Appeal from the Circuit Court of the 13th Judicial Circuit La Salle County, Illinois No. 85-CF-187 Honorable James A. Lanuti Judge, Presiding
The opinion of the court was delivered by: Justice Slater
The respondent, Robert W. Burns, was adjudicated a sexually dangerous person in 1986 and committed to the custody of the Department of Corrections (DOC). On May 14, 2001, he filed an application for discharge pursuant to section 9 of the Sexually Dangerous Persons Act (Act) (725 ILCS 205/9 (West 2000)). Attached to his petition was a motion for an independent psychiatric examination, a motion to strike Dr. Mark Carich's socio-psychiatric report, and a request for appointment of an independent guardian. The trial court denied the motions. A jury found that the respondent was still sexually dangerous and rejected his request for release. On appeal, the respondent argues that: (1) the trial court erred in denying his motion for an independent psychiatric examination; (2) the court erroneously denied the motion to strike Dr. Carich's report; (3) the trial court erred in denying his motion for appointment of independent guardian; (4) the court's refusal to tender the jury instructions offered by defense counsel was improper; and (5) the State failed to prove that he was still sexually dangerous beyond a reasonable doubt. We reverse in part, affirm in part and remand the cause for further proceedings.
The respondent filed his second application for discharge in May of 2001. Attached to his application were several pro se motions. First, the respondent moved for an independent psychiatric examination, alleging that psychiatrist Ijaz Jatala was not a licensed psychiatrist and was biased. No supporting documentation was included with the motion. The respondent's second motion was a request to strike the socio-psychiatric report submitted to the court pursuant to the Act. In this motion, the respondent claimed that the report was insufficient because Dr. Carich was not a licensed psychologist and because no sociologist participated in its preparation. In his third motion, the respondent argued that the DOC, as his guardian, was not acting in his best interests because of undue bias against him.
After hearing arguments, the trial court denied the respondent's request for an independent examination. The court further determined that Dr. Carich's psychological report met the requirements of the Act and denied the motion for an independent guardian.
At trial, Dr. Carich testified that he has a Ph.D. in counseling and received his undergraduate diploma in psychology. He has coordinated the DOC's sexual offender treatment program for more than 10 years and has testified in at least 80 cases involving sexually dangerous persons. Dr. Carich testified that of those cases, he has supported 19 committed persons for discharge.
The respondent was placed in the DOC program in 1986 for admittedly abusing more than 40 victims. His victims ranged in age from infant to nine years old. Dr. Carich testified that the respondent had made progress since his admission. He cooperated with the DOC staff and regularly attended all group meetings. However, in 1998, the respondent was suspended from the program for violating DOC rules by engaging in sexual intercourse with another member of his group. The respondent was later reinstated. Shortly after his reinstatement, he voluntarily dropped out of the program. Dr. Carich did not believe that the respondent was ready to return to society.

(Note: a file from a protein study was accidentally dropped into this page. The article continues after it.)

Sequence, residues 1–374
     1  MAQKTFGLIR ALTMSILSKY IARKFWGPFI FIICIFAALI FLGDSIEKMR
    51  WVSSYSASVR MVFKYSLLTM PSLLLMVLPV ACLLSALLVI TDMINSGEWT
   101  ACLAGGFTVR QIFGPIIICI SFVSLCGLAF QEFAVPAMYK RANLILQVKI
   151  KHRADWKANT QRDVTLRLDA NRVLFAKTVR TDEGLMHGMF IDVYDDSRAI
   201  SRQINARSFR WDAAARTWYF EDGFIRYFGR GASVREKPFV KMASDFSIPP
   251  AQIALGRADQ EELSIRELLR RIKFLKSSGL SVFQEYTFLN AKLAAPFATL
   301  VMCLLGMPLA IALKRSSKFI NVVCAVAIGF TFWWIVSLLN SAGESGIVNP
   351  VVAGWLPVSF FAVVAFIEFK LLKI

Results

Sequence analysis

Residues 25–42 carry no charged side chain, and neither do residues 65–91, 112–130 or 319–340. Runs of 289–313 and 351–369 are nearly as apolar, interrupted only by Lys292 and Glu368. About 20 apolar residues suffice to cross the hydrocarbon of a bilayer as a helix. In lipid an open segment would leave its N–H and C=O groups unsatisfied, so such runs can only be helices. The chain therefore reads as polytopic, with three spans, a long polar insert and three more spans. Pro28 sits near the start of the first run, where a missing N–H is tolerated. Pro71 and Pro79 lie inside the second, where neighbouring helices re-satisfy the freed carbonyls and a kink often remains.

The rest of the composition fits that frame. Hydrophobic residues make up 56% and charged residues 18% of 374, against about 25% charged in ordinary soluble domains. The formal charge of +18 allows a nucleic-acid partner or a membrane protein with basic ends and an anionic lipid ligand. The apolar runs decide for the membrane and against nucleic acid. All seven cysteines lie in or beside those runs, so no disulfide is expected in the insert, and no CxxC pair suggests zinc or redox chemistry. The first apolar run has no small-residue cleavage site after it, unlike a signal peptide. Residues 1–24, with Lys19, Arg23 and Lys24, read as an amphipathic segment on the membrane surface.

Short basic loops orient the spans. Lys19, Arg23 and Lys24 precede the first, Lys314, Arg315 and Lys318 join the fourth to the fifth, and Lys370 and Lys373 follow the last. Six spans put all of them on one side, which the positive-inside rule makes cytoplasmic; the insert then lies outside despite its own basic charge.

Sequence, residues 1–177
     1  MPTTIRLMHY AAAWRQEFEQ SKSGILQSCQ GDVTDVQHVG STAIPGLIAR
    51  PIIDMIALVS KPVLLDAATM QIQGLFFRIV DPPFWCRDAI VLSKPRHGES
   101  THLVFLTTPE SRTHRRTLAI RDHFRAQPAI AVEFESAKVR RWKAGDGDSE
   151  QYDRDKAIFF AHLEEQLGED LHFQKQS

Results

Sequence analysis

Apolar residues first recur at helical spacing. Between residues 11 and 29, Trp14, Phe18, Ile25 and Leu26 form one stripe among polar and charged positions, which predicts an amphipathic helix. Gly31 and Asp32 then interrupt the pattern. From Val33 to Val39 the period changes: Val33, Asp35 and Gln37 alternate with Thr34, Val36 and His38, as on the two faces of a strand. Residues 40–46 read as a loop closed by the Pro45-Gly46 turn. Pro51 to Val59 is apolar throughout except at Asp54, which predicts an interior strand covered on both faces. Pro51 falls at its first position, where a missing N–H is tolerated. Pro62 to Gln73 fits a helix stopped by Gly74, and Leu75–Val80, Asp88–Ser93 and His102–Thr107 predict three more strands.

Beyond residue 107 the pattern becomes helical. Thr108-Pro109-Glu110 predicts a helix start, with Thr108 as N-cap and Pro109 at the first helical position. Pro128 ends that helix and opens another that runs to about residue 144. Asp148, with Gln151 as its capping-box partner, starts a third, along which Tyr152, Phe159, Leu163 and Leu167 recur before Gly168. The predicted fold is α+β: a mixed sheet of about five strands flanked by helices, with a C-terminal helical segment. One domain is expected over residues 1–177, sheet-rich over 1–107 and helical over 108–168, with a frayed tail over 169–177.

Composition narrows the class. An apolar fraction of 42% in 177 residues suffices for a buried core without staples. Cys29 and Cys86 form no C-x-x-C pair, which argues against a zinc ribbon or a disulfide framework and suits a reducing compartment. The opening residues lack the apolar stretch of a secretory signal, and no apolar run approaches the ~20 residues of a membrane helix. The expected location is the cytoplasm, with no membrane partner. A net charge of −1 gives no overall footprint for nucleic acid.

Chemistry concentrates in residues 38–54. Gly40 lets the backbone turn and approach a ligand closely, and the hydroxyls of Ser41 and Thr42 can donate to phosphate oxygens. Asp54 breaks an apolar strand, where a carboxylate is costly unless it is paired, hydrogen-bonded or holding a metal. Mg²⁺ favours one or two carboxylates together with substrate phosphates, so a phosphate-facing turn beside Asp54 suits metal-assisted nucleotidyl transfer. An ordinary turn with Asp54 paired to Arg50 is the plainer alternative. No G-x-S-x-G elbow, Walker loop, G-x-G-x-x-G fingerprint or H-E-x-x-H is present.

The socio-psychiatric report prepared by Dr. Carich and signed by Dr. Jatala, Social Worker Nancy Henderson and Warden Michael Holmes was not entered as evidence. At the conclusion of the trial, the jury found that the respondent was still sexually dangerous and denied his application for recovery.
On appeal, the respondent first claims that the trial court erred in denying his motion for an independent psychiatric examination. He claims that he has a right to an independent examination under the due process clause of the United States Constitution. U.S. Const., amend. XIV.
The due process clause of the federal constitution imposes constraints on governmental regulations that deprive persons of liberty or property interests. Mathews v. Eldridge, 424 U.S. 319, 47 L. Ed. 2d 18, 96 S. Ct. 893 (1976). The right to due process of law is the right to a fundamentally fair trial. Chambers v. Mississippi, 410 U.S. 284, 35 L. Ed. 2d 297, 93 S. Ct. 1038 (1973). Procedural due process guarantees that a defendant has the right to present relevant, competent evidence and that the State must take steps to ensure that an indigent defendant has a fair opportunity to present his defense. Ake v. Oklahoma, 470 U.S. 68, 84 L. Ed. 2d 53, 105 S. Ct. 1087 (1985). The State may not maintain a strategic advantage over a defendant when that advantage casts a pall on the proceedings. Ake, 470 U.S. 68, 84 L. Ed. 2d 53, 105 S. Ct. 1087.
When considering a due process issue, courts must consider three factors. Those factors are: (1) the liberty or property interest with which the State has interfered; (2) the risk of erroneous deprivation of the interest through the procedures already in place and the probable value of additional or substitute procedural safeguards; and (3) the effect the administrative and fiscal burdens would have on the State. Mathews, 424 U.S. 319, 47 L. Ed. 2d 18, 96 S. Ct. 893.
There is little question that the respondent's right to liberty is jeopardized under the Act. See People v. Trainor, 196 Ill. 2d 318, 752 N.E.2d 1055 (2001). Analysis of ...